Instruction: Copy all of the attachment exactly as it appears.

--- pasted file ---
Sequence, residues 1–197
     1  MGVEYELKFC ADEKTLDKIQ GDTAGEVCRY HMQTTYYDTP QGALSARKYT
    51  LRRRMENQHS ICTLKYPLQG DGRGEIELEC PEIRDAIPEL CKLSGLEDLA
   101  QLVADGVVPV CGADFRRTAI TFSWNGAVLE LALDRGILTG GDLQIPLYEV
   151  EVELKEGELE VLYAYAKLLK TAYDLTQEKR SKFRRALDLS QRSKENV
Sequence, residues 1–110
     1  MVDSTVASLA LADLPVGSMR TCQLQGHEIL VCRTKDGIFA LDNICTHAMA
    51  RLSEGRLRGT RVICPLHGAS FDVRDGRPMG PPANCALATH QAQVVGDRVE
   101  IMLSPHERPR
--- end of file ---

Sequence, residues 1–197
     1  MGVEYELKFC ADEKTLDKIQ GDTAGEVCRY HMQTTYYDTP QGALSARKYT
    51  LRRRMENQHS ICTLKYPLQG DGRGEIELEC PEIRDAIPEL CKLSGLEDLA
   101  QLVADGVVPV CGADFRRTAI TFSWNGAVLE LALDRGILTG GDLQIPLYEV
   151  EVELKEGELE VLYAYAKLLK TAYDLTQEKR SKFRRALDLS QRSKENV
Sequence, residues 1–110
     1  MVDSTVASLA LADLPVGSMR TCQLQGHEIL VCRTKDGIFA LDNICTHAMA
    51  RLSEGRLRGT RVICPLHGAS FDVRDGRPMG PPANCALATH QAQVVGDRVE
   101  IMLSPHERPR